Progress On Retirement And Kiddie Tax Bills, And A New Consumer Price Tag For Trump’s Chinese Tariffs
House passes a bipartisan retirement savings bill with a TCJA kiddie tax fix. The House passed the SECURE act 417-3. The bill is designed to encourage more businesses to offer retirement plans and also would reverse provisions of the Tax Cuts and Jobs Act that increased taxes on children’s unearned income—including benefits received by children of deceased military or first responders. The House bill excludes a Senate provision that would have expanded 529 education savings accounts to pay for home schooling costs, including supplies.
House Committees pass spending bills. President Trump wanted Congress to cut domestic spending, but instead the House Appropriations subcommittees on Agriculture and Transportation approved bills that would increase funding for the departments of agriculture, transportation, and housing and urban development. They are the ninth and tenth spending bills approved by the panels. Two more to go….Meanwhile, talks between Congress and the White House on a comprehensive two-year spending plan seem to have broken down, at least for now.
Ron Wyden tries again to end carried interest tax breaks. Since his campaign, Trump has said he favors the idea, so the top Democrat on the Senate Finance Committee has introduced a bill to end special tax treatment for compensation of hedge fund and private equity managers. Wyden’s bill would require fund managers pay ordinary income tax rates and self-employment tax on their compensation.
New York Fed study: President Trump’s tariffs on Chinese imports will cost a US household $831 annually. Three staff economists estimate that last year’s 10 percent tariffs on Chinese goods raised costs to consumers by about $414. The additional import taxes Trump announced earlier this month would increase the total cost (including taxes and deadweight loss) to $831. The estimates are roughly consistent with other projections and suggest the tariffs would eliminate most of the benefits of the TCJA for typical middle-income households.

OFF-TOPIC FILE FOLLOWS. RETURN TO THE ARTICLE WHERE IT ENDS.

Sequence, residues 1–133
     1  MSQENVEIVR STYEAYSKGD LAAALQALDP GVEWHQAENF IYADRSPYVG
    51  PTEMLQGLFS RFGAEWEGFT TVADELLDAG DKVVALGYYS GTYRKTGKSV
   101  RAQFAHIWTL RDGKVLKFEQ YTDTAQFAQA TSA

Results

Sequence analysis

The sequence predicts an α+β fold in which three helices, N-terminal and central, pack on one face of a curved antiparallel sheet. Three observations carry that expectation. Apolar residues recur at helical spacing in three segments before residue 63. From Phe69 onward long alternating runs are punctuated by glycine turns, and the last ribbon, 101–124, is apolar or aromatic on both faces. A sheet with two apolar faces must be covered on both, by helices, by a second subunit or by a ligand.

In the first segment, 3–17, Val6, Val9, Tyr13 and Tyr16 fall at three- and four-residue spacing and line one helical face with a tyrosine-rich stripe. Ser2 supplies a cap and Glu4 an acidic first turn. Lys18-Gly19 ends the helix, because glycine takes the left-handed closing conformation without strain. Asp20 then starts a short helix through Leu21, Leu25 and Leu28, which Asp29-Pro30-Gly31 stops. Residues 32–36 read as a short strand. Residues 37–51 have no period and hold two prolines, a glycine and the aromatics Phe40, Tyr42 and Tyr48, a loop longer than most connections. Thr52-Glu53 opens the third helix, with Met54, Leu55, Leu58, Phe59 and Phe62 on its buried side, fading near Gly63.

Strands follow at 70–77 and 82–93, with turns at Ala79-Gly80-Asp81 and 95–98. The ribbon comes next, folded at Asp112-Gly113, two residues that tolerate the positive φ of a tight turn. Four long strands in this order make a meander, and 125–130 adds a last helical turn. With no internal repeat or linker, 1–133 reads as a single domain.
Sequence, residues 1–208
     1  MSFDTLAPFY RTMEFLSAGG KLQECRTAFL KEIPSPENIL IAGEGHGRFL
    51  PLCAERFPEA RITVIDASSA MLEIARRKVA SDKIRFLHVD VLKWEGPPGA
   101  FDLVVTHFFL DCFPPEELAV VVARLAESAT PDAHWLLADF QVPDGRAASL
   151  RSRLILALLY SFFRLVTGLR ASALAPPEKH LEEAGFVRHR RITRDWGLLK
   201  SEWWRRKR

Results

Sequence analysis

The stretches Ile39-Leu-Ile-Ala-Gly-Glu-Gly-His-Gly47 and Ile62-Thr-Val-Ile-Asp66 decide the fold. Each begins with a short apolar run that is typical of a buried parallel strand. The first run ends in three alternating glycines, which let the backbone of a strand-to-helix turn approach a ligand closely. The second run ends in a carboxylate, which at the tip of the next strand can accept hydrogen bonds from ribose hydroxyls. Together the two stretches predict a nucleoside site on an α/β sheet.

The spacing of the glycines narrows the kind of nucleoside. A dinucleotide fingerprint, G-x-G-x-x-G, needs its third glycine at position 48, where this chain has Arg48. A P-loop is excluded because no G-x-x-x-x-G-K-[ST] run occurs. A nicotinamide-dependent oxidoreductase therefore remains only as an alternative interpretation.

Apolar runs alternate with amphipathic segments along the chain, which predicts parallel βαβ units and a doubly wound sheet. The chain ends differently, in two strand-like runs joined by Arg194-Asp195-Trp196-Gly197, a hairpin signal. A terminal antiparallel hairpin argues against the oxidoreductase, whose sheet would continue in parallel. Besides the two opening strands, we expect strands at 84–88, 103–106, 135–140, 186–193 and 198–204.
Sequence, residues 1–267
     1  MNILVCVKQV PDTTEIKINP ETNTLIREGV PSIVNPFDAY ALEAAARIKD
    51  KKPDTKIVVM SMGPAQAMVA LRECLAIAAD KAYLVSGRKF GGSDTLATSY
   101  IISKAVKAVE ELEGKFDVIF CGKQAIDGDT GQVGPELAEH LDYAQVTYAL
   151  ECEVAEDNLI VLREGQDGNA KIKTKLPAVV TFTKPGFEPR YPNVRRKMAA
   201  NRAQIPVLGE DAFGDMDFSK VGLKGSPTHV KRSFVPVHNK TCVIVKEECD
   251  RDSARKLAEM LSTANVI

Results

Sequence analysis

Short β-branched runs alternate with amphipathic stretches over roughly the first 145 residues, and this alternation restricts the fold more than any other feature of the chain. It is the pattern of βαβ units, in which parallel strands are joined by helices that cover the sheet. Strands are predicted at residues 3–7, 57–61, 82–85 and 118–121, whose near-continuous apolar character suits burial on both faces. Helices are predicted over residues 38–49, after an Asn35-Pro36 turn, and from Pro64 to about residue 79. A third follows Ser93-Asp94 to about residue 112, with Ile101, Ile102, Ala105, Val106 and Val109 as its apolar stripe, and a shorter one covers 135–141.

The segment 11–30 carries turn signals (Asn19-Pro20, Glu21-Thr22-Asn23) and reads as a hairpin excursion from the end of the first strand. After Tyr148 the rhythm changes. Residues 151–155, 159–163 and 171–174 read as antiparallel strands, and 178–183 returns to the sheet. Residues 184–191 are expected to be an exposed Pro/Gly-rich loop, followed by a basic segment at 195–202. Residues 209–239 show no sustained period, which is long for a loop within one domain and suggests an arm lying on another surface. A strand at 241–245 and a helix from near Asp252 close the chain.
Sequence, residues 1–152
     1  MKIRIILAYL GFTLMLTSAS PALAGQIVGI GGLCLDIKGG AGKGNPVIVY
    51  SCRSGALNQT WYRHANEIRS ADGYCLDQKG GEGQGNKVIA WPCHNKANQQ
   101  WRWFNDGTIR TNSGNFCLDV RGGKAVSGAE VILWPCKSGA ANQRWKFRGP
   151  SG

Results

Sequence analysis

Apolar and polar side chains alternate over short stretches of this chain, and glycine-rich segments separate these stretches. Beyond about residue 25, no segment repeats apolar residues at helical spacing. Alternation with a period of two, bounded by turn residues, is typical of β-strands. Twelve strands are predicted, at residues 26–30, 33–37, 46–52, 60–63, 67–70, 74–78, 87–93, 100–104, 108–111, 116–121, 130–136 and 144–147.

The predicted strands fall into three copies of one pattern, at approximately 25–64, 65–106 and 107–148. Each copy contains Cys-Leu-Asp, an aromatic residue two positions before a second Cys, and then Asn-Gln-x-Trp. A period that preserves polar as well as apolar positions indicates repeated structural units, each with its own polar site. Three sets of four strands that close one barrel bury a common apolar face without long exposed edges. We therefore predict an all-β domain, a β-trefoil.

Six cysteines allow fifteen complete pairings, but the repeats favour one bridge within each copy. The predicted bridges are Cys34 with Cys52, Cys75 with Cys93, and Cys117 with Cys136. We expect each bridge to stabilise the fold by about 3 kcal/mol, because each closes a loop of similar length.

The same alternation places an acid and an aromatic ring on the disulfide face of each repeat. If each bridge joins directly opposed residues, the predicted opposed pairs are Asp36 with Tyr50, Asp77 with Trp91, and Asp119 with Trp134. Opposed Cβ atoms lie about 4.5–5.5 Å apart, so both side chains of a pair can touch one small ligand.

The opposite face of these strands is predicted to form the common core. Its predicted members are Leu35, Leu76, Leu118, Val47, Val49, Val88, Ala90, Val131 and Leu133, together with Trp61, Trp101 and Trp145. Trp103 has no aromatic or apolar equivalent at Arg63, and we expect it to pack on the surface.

On June 6: A conference on the effects of corporate and business provisions of the Tax Cuts and Jobs Act. TPC and the University of North Carolina Tax Center host a program on what the 2017 law means for business. Among the topics: How did TCJA affect compensation, corporate payouts, US-based multinationals, overseas firms, and pass-through businesses. Register here for the event. It will also be webcast live here.
And on June 11: Fighting Poverty and the Rising Cost of Living. How should policymakers change the Earned Income Tax Credit to improve the economic well-being of low- and middle-income families? The program will feature keynote addresses by Sen. Sherrod Brown of Ohio and Rep. Gwen Moore of Wisconsin and a panel discussion. Panelists include Chris Hughes of the Economic Security Project, which supports this event; TPC’s Elaine Maag; Aparna Mathur of the American Enterprise Institute; and Asha Nyandoro of Springboard to Opportunities. Ellie Anzilotti of Fast Company will moderate. Register for the event here.
Congress will not be in session next week. The Daily Deduction will post Tuesday, May 28, in observance of Memorial Day, and will return to its regular schedule on Monday, June 3.
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